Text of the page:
As the end of the 2017/18 football season saw the crowning of domestic league champions, it also brought harsh disappointment for the clubs relegated to lower divisions. Indeed, by leaving the much-coveted elite status, the unfortunate clubs now have to cope with fan discontent and other sporting issues. But beneath the surface there are even greater economic hurdles following relegation as the clubs usually experience a huge drop in revenue (lower broadcasting revenues, less appeal for commercial partners and diminished interest from the fans), while still facing the relatively high cost of players´ salaries still based on first tier levels. As a consequence, this often entails in clubs selling top talent to balance the books, in turn resulting in a weaker squad fighting for promotion.
As this transition period can prove challenging both on and off the pitch, Europe’s so-called “Big Five” leagues have implemented payment schemes – defined as “parachute payments” – benefitting relegated clubs to the second tier (and sometimes even to the third domestic tier) to ensure minimal disruption and help them climb up the ladder back to the elite division in a relatively short timeframe. In this article, the KPMG Football Benchmark team reviews how parachute payments have been framed and implemented across the leading leagues and provides an overview of the challenges they pose.
Although parachute payments have gradually become commonplace over the past few years, their implementation mode as well as actual payment amounts widely vary. The English Premier League, applauded as the pioneer in creating this mechanism, provides its three relegated clubs with an equal part of the Premier League´s equal payment (equal share and overseas). These payments are spread over a three-year period following relegation (limited to one year if the club immediately returns to the Premier League), with the percentage of the equal payment amount being reduced each year. Hence, and as payments are directly correlated with the league’s broadcasting rights, the amounts are quite significant - relegated clubs received on average EUR 46.7 m in their first season in the Championship in the 2017/18 season.
While Spain’s LaLiga also links parachute payments to league broadcasting income, the league has established a fund – representing 3.5% of the total broadcasting rights – allocating money among the relegated clubs depending on various criteria including past broadcasting revenue and the number of seasons they’ve spent in LaLiga (average amounts of EUR 13.7 m for the 2017/18 season). Interestingly, until 2014/15, clubs going back to the first tier had to pay back the amounts to the league, making it harder for them to compete with first tier peers and maintain their place among the top bracket.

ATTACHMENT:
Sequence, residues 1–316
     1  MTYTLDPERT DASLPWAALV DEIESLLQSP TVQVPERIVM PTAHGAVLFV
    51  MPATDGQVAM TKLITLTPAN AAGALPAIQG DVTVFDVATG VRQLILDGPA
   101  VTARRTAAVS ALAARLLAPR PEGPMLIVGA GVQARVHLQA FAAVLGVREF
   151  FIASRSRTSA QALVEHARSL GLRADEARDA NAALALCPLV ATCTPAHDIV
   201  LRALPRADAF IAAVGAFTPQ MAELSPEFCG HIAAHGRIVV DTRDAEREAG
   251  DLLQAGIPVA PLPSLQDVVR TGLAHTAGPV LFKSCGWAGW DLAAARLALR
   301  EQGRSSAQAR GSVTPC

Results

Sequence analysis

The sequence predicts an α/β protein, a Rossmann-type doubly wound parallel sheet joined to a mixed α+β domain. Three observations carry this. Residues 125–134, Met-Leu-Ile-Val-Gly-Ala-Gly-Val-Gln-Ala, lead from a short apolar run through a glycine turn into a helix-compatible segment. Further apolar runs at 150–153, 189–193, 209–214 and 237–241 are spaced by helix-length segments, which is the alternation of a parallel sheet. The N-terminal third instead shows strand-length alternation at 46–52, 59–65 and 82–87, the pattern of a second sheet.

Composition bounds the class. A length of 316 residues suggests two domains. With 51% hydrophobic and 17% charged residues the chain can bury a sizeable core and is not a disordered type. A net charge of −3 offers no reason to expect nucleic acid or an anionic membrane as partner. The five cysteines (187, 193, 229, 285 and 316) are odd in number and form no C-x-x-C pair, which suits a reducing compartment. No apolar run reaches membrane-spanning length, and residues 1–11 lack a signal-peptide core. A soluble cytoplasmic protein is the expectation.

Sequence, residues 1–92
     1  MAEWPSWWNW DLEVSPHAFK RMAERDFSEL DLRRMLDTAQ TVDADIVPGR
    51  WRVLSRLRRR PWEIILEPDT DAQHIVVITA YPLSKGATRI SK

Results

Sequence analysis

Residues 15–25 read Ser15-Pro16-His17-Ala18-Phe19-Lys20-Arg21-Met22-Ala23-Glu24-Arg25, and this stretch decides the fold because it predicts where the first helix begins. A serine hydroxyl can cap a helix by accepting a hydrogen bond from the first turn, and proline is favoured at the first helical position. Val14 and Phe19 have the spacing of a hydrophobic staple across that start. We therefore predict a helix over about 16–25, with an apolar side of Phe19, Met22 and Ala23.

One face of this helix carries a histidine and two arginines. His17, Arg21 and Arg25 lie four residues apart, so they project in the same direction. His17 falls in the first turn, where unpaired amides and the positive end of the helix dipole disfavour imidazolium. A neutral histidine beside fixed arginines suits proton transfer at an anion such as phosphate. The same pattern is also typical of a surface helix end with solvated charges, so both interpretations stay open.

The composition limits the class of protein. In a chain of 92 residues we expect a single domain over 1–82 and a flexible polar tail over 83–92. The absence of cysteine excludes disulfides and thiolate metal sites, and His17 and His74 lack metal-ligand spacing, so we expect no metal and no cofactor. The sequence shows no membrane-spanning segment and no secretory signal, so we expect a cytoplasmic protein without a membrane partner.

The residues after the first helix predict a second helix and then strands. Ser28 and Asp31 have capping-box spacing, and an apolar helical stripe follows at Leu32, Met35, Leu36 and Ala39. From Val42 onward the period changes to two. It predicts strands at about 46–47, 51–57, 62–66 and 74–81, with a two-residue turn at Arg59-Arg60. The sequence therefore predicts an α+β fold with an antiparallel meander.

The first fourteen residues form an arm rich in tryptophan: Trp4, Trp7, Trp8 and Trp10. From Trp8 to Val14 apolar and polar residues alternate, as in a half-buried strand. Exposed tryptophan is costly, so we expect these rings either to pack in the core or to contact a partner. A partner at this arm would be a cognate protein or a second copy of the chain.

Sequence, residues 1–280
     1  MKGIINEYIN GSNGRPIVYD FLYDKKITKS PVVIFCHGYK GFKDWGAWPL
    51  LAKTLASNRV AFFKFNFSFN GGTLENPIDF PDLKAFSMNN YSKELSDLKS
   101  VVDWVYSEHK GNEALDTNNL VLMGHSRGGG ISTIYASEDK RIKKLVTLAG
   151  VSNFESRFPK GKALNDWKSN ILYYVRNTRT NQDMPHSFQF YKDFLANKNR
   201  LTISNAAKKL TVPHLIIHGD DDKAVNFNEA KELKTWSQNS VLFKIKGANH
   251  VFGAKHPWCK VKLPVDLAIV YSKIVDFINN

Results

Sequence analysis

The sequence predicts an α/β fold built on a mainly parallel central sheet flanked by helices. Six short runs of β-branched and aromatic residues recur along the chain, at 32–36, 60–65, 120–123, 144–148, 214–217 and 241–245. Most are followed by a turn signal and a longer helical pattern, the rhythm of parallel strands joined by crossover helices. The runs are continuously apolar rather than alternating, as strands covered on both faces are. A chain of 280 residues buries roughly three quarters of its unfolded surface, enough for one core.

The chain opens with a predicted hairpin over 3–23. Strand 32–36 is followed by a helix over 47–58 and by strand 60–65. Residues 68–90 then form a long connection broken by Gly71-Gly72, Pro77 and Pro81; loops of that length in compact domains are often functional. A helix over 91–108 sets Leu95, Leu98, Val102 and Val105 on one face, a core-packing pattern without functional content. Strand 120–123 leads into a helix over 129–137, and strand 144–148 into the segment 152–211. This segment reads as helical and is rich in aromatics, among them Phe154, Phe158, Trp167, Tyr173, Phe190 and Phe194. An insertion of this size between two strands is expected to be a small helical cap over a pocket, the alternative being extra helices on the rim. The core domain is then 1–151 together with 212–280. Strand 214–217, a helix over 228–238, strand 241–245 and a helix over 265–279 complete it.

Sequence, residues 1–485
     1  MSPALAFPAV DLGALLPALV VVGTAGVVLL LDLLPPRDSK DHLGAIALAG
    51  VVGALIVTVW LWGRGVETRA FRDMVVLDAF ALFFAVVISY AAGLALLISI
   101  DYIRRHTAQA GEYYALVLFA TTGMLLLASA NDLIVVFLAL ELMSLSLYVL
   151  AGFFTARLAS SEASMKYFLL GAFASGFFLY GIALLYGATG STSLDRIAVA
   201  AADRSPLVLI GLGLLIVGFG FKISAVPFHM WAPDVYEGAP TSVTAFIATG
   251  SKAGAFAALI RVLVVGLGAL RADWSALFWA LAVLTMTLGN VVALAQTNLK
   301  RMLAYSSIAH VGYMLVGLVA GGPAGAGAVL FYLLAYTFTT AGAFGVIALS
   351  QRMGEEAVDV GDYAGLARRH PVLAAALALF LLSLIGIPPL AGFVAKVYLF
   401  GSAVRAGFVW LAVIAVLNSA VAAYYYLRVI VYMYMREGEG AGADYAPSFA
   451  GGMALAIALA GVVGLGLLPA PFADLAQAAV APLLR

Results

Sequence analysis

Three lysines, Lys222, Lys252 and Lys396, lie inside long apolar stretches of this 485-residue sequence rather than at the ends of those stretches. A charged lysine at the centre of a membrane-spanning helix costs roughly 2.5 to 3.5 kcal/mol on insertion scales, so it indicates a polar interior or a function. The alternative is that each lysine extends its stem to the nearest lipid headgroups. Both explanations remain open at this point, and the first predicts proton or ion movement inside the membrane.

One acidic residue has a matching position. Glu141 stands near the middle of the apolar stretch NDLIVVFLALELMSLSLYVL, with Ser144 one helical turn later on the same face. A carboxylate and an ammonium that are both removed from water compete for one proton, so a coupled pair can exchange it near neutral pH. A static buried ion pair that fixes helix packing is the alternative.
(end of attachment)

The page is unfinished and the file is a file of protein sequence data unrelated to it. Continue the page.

Despite lacking a dedicated parachute payment scheme, the German Bundesliga has designed an original system as part of its new broadcasting revenue sharing model, which provides a higher share to support clubs relegated to the 2. Bundesliga. In fact, with 23% of TV rights now distributed on a weighted five-year ranking combining the performance of the two top divisions, the league is favouring clubs who regularly appear in the top division, with recently-relegated Hamburger SV and 1. FC Köln reportedly receiving an average of EUR 7.9 m from next season.
By contrast, parachute payment schemes in Italy and France are not calculated as a proportion of the total league broadcasting revenue but are fixed amounts allocated to clubs based on the numbers of seasons spent in the top division. Italy’s Serie A has been constantly increasing the size of the wallet, allowing their relegated clubs to get an average of EUR 20 m each in 2017/18.
The French league, whose mechanism is the most recently installed and also the most limited in terms of financial support, allocates over two years a fixed amount (EUR 2 m in the first year and then EUR 1 m) and a variable amount based on the number of consecutive seasons spent in the first division over 10 years (average amount of EUR 4.9 m for the relegated clubs in 2017/18)
The implementation of payment schemes for relegated clubs has not gone entirely smoothly, especially with regards to second tier peers. Indeed, with generally well-above average budgets, newly-relegated teams are in a prime position to immediately return to their elite division. The underlying challenge posed by these payments is distorted competitive balance, as those clubs benefitting from the cash injection stand a better chance to gain a ticket back to the top division. This is particularly true in the English Championship, where most teams have considerable ground to make-up on newly-relegated clubs enjoying cash compensation from the Premier League. Since 2012/13, 46% of relegated clubs have achieved immediate promotion back to Premier League, or landed a Championship play-off spot, in the season following relegation.
While the debate rages on around the legitimacy of such payments – recent studies showed a positive correlation between parachute payments and promotion to Premier League in the case of English football – the leagues might be forced in the near future to review their current payment schemes to favour a more balanced financial and sporting dynamic between the clubs. The frequent changes in the leagues´ regulations are firm evidence of their willingness to design a more agreeable system and suggest the issue will have to be constantly addressed as TV deals and competition formats continue to change.
Further investigation into this and related topics, as well as analysis of industry data, can be undertaken by the KPMG Sports Advisory Practice. Our subject matter experts can also assist stakeholders in business case development, financial modelling and future scenarios building.